A quasi experimental study was conducted at Islamic Azad University, Marvdasht branch and convenience sampling was used. The study consisted of 20 participants, 10 in each group. Females diagnosed with primary dysmenorrhea, in the age group of 20-25 years were included. They should have had a regular menstrual cycle and those who were willing to participate were included. After detailed enquiry of the medical history of the subjects, those with history of smoking, alcoholism, medical illness and participants with regular exercise history were excluded. Subjects on oral contraceptive pill, hormonal replacement therapy, drugs that alter the cardiovascular functions were also excluded from the study. Participants were explained the procedure and purpose of the study and written informed consent was taken in an understandable language. After initial examination the participants were assigned randomly into two groups: exercise group and control group.
Anthropometric and physiological Measurements
Height and body mass were measured, and body mass index (BMI) was calculated by dividing body mass (kg) by height (m2). VO2max was determined by Rockport One-Mile Fitness Walking Test. In this test, an individual walked 1 mile (1.6 km) as fast as possible on a track surface. Total time was recorded and HR was obtained in the final minute (27). VO2max was calculated by following formula:
VO2max = [139.68 – (0.388 × age (year))] – [0.077 × body mass (Pb)] – [3.265 × time (min)] – [0.156 × HR]
Personal characteristics of the subjects are presented in the Table 1. No significant differences were observed in each variable between two groups at baseline.
Table 1. General variables of exercise and control group (Mean ± SD)
21.0 ± 1.0
22.5 ± 1.9
161.3 ± 7.5
162.9 ± 4.5
Body mass (Kg)
53.4 ± 8.6
52.4 ± 4.5
29.0 ± 1.1
31.0 ± 2.1
Psychological and physical symptoms of dysmenorrheal measurement
Moo’s Menstrual Distress Questionnaire was used to evaluate psychological and physical symptoms of dysmenorrhea. Before and after 8 weeks exercise training, each subject was completed the Moo’s Menstrual Distress Questionnaire. The Questionnaire consisted of a 5-Likert scale as described by Jahromi et al (2008). The outcome was the mean score of psychological and physical symptoms of dysmenorrhea over the study period.
Fasted, resting morning blood samples (5 ml) were taken at the same time before and after 8 weeks intervention. For menstrual status, all the participants were menstruating regularly and defined as eumenorrheic (28- to 32-day menstrual cycles during the previous year); all testing was performed during the follicular phase of the menstrual cycle. All the subjects fasted at least for 12 hours and a fasting blood sample was obtained by venipuncture. Plasma obtained was frozen at ‒ 80 oC for subsequent analysis. The plasma estrogen and progesterone levels were measured in duplicate using Radio Immune Assay (RIA) kits (Immunotech A.S, France).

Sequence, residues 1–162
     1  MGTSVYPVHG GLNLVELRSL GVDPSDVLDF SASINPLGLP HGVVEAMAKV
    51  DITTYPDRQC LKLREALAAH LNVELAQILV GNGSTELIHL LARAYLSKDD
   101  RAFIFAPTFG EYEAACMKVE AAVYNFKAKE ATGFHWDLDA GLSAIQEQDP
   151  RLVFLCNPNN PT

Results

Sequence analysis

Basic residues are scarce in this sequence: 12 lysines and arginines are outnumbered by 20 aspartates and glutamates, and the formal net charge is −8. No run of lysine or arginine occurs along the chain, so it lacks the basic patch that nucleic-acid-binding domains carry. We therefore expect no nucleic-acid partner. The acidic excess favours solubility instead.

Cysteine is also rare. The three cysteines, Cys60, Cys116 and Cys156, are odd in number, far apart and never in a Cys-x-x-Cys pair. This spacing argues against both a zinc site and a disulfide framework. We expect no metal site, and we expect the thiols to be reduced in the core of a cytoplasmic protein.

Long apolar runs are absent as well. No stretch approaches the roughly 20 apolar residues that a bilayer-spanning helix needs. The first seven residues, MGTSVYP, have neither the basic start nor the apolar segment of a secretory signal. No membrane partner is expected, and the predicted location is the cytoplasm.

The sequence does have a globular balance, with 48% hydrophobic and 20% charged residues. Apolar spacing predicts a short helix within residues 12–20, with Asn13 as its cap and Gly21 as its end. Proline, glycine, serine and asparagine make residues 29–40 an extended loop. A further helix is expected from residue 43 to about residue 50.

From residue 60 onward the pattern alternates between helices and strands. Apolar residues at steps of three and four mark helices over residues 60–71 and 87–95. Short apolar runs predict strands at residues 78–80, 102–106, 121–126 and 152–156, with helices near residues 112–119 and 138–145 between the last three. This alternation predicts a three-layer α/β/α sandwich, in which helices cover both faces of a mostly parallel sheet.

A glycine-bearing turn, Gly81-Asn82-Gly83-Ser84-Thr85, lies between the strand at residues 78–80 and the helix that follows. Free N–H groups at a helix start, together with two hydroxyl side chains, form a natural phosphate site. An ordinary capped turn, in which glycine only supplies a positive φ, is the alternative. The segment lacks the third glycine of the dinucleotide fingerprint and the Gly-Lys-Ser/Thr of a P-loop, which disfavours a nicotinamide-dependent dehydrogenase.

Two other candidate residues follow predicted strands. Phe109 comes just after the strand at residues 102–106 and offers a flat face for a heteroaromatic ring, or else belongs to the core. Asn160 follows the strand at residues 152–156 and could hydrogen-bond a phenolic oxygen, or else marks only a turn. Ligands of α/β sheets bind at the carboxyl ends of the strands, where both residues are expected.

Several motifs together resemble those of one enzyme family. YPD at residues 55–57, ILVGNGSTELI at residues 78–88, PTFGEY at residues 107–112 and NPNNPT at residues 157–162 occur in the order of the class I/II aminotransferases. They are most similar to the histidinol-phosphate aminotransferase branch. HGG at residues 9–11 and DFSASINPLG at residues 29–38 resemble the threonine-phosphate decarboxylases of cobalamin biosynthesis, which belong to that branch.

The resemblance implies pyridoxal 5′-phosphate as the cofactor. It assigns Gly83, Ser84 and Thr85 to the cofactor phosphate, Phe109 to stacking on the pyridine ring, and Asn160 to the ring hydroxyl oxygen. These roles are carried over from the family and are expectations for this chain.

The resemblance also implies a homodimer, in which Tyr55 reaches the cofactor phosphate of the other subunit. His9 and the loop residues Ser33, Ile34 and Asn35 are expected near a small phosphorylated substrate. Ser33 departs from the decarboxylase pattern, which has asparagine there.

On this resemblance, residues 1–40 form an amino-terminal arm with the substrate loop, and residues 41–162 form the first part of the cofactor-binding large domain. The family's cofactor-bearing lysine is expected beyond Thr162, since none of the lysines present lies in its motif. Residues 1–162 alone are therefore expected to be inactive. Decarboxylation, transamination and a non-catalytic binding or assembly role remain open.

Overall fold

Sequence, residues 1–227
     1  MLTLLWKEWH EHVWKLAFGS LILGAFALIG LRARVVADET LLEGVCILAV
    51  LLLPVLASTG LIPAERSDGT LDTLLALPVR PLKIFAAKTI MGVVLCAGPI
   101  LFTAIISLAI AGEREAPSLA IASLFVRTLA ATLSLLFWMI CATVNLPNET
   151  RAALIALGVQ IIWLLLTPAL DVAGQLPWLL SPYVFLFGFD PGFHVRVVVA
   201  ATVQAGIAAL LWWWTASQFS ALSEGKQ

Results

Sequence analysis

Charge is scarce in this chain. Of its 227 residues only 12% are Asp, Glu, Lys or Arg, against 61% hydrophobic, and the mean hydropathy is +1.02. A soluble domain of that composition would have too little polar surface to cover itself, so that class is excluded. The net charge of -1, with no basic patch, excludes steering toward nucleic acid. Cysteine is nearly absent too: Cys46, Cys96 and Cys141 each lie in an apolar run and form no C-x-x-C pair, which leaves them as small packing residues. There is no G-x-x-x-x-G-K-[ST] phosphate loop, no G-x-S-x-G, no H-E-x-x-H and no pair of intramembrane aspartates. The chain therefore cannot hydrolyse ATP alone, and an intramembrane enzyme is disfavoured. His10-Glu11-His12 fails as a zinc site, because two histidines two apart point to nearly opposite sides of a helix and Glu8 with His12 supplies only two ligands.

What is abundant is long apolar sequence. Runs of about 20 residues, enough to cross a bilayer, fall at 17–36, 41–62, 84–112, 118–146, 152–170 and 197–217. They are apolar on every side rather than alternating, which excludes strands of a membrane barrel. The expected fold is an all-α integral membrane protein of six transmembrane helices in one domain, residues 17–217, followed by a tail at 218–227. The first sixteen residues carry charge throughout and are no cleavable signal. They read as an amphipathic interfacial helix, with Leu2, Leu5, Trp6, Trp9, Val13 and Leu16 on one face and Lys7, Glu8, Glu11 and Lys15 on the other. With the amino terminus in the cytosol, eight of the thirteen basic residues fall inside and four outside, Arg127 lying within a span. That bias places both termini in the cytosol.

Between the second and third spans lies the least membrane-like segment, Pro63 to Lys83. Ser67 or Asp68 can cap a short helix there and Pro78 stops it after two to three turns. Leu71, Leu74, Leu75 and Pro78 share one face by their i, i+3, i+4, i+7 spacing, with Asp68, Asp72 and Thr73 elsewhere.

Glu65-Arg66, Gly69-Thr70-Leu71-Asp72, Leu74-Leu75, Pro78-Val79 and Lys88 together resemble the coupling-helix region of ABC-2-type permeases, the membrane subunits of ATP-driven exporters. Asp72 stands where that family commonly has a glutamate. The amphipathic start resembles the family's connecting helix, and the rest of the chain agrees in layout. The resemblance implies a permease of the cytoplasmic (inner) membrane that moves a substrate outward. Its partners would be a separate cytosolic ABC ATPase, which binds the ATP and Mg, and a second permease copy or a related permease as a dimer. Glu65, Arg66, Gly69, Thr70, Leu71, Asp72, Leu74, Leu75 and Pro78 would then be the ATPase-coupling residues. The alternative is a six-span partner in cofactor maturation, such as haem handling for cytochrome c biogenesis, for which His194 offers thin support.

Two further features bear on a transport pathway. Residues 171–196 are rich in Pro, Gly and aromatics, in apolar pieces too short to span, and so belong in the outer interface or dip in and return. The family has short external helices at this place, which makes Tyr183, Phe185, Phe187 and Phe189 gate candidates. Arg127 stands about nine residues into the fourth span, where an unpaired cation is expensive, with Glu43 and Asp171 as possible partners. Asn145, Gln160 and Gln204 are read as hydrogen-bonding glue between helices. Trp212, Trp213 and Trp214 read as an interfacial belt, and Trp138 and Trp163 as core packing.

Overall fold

The subjects in the exercise group run 10 to 15 × 2 to 5 minute with 75 to 90% of maximum heart rate 3 days a week for 8 weeks. Each participant was equipped with a heart rate monitor (Polar, FS3c, Finland) to ensure accuracy of the exercise level. The control group was instructed not to change their physical activity and diet.
Results were expressed as the mean ± SD and distributions of all variables were assessed for normality. Paired t-test and independent sample t-test were used to compute mean (± SD) changes in the variables before and after the intervention. The level of significance in all statistical analyses was set at P≤0.05. Data analyses were performed using SPSS software for windows (version 17, SPSS, Inc., Chicago, IL).
Changes in symptoms of dysmenorrhea
Data on psychological and physical symptoms of dysmenorrhea before and after 8 weeks training are presented in the Figure 1 and 2. As shown in the Figure 1, physical premenstrual symptoms were significantly reduced (P<0.05).
Figure 1. Changes of physical premenstrual symptoms in response to intensive aerobic exercise
For psychological premenstrual symptoms no significant changes were observed in response to 8 weeks aerobic exercise (Figure 2).
Figure 2. Changes of psychological premenstrual symptoms in response to intensive aerobic exercise
Changes in estrogen and progesterone levels
Changes in plasma estrogen and progesterone levels are presented in the Figure 3 and 4. The results indicated that estrogen levels were significantly increased after the intervention compare to the control group (P<0.05), however progesterone had not significant changes after the intervention.
Figure 3. Changes of estrogen level in response to intensive aerobic exercise
Figure 4. Changes of progesterone level in response to intensive aerobic exercise